Take the 2-minute tour ×
Physics Stack Exchange is a question and answer site for active researchers, academics and students of physics. It's 100% free, no registration required.

I have heard of the "Big Rip" as one theory for the eventual end of the universe. If the speed at which the universe is expanding, and all the matter inside it is moving away from all other matter at an increasing rate, would the matter eventually have to move at the speed of light? Or would it have to slow down?

share|improve this question

2 Answers 2

If you look at Hubble's law $V=H_0 D$, you notice at far enough distances, galaxies are receding at velocities greater than the speed of light. In fact, the universe does not even need to be accelerating for this to be true.

This is not a violation of relativity, which prevents information from being transmitted faster than the speed of light. Since all galaxies are receding away from all other galaxies, there is no way that they could be transmitting info.

Now that you mention it, however, there are some problems with the big rip/relativity. In particular, for faster than exponential acceleration requires a "phantom like" dark energy with equation of state less than $-1$, which is inconsistent with some energy conditions in general relativity, but this is different from the problem you described.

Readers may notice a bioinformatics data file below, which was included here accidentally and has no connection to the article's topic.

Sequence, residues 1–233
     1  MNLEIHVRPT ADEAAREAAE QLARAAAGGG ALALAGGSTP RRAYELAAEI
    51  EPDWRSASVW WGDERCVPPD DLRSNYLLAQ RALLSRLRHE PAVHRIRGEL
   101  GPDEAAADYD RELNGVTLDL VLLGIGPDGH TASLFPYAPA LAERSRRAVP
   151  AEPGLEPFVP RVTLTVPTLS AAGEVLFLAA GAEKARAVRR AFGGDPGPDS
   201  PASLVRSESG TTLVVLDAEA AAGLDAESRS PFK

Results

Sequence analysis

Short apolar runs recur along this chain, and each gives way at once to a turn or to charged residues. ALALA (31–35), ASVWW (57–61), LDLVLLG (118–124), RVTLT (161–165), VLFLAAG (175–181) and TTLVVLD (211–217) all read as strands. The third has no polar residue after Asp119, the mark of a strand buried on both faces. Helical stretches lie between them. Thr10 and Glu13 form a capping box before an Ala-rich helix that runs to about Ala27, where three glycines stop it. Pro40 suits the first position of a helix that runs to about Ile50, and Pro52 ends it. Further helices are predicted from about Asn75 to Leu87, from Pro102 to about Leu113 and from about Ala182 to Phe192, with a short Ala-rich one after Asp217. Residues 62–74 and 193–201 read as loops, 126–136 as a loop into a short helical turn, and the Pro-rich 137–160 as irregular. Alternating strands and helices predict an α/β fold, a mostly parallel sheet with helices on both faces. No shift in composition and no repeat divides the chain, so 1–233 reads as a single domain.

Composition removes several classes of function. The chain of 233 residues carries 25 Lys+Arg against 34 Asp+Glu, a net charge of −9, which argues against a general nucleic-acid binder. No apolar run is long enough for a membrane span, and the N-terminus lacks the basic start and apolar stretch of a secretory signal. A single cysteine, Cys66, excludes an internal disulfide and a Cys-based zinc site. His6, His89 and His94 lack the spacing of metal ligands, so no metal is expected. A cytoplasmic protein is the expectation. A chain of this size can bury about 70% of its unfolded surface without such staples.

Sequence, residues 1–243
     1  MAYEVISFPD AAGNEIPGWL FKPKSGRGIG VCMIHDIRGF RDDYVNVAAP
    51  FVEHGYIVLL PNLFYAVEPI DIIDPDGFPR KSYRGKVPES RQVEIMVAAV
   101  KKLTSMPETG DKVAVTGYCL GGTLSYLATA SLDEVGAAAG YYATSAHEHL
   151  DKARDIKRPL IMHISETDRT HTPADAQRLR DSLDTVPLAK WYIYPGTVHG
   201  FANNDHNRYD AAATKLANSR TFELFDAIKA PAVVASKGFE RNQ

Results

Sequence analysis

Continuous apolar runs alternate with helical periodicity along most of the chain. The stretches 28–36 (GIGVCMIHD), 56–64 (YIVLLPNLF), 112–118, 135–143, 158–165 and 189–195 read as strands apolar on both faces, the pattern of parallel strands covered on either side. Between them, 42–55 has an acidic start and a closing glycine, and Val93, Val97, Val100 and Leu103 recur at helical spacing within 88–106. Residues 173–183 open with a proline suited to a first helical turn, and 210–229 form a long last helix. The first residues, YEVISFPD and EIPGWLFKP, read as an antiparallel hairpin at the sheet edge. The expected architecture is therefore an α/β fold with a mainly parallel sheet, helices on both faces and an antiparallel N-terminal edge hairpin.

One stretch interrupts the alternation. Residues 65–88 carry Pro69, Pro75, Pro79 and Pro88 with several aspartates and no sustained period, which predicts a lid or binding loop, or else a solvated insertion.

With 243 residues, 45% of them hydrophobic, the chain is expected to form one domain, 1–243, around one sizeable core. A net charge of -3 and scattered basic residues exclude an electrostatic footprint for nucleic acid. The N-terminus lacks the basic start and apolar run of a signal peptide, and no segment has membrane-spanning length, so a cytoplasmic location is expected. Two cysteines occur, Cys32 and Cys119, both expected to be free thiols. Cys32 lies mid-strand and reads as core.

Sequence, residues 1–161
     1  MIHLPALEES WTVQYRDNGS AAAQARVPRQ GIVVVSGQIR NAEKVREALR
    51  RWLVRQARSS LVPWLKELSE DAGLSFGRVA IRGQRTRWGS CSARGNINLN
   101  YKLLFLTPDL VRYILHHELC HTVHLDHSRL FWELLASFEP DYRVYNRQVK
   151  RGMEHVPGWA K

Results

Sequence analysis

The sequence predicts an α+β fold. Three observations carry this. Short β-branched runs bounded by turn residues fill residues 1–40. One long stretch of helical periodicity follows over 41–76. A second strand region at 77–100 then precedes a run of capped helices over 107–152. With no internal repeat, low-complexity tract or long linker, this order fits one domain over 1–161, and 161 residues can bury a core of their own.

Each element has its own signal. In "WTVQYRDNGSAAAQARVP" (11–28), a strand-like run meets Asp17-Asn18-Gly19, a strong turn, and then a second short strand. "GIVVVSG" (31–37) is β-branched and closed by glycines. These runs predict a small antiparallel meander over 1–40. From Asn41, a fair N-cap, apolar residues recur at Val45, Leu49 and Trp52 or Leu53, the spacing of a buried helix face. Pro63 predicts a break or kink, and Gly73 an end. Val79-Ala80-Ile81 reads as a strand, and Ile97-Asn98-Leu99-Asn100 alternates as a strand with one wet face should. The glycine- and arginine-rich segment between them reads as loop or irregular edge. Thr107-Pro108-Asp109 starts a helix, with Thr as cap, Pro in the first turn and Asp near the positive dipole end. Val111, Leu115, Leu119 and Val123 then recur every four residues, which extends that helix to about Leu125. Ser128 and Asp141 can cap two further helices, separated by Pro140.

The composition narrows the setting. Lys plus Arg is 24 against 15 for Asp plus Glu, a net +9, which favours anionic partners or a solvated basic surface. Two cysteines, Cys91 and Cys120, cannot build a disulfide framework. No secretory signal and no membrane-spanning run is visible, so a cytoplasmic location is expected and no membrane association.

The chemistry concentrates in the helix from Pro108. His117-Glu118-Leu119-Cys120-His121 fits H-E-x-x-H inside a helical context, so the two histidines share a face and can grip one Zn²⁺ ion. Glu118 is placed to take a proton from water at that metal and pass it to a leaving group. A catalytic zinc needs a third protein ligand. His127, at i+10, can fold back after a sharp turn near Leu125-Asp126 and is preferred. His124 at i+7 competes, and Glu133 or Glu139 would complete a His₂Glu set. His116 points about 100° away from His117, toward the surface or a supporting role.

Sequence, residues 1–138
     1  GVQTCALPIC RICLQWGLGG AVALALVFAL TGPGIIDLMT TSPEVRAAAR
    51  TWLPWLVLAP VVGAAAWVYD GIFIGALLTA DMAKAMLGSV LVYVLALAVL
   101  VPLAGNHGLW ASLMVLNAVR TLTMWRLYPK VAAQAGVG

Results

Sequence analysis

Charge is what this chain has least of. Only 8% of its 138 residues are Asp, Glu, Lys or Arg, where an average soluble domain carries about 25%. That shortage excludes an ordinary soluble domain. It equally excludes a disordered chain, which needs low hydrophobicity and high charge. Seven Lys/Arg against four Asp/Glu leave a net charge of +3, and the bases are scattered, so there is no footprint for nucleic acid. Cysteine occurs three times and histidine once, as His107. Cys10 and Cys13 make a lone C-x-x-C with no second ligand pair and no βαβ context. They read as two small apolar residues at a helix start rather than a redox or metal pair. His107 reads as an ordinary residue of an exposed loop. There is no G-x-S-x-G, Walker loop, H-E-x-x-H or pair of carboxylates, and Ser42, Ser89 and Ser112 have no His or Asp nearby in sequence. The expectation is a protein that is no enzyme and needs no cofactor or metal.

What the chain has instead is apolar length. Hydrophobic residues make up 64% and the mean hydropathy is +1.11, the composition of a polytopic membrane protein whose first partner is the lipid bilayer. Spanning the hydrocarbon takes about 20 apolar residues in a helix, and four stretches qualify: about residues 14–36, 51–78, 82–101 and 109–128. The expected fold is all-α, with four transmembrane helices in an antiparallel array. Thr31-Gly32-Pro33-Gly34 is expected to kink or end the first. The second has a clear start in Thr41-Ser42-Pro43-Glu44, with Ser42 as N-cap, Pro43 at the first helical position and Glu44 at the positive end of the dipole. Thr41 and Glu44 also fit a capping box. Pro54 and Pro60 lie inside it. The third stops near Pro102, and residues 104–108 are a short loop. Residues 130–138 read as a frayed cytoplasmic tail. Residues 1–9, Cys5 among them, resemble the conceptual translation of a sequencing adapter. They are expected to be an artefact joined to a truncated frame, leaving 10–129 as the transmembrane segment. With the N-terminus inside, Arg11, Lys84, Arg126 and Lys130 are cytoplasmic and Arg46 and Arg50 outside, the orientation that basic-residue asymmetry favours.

share|improve this answer

The Big Rip was a prediction that was put out around 2003, although speculation of these sorts of events have existed longer as anyone who has toyed with the cosmological constant in the can tell you. These specific types of predictions depend on the types of models that are used, and around the same time the idea emerged, it was quickly pointed out that the problem was avoidable in certain solutions that avoided instabilities caused by phantom energy.

These discussion are closely related to similar discussions involving vacuum instability and the idea of false vacuums. This question is very important because the recently observed properties of the Higgs Boson would indicate we are in a very borderline position in regards to the stability of the vacuum.

share|improve this answer

Your Answer

 
discard

By posting your answer, you agree to the privacy policy and terms of service.

Not the answer you're looking for? Browse other questions tagged or ask your own question.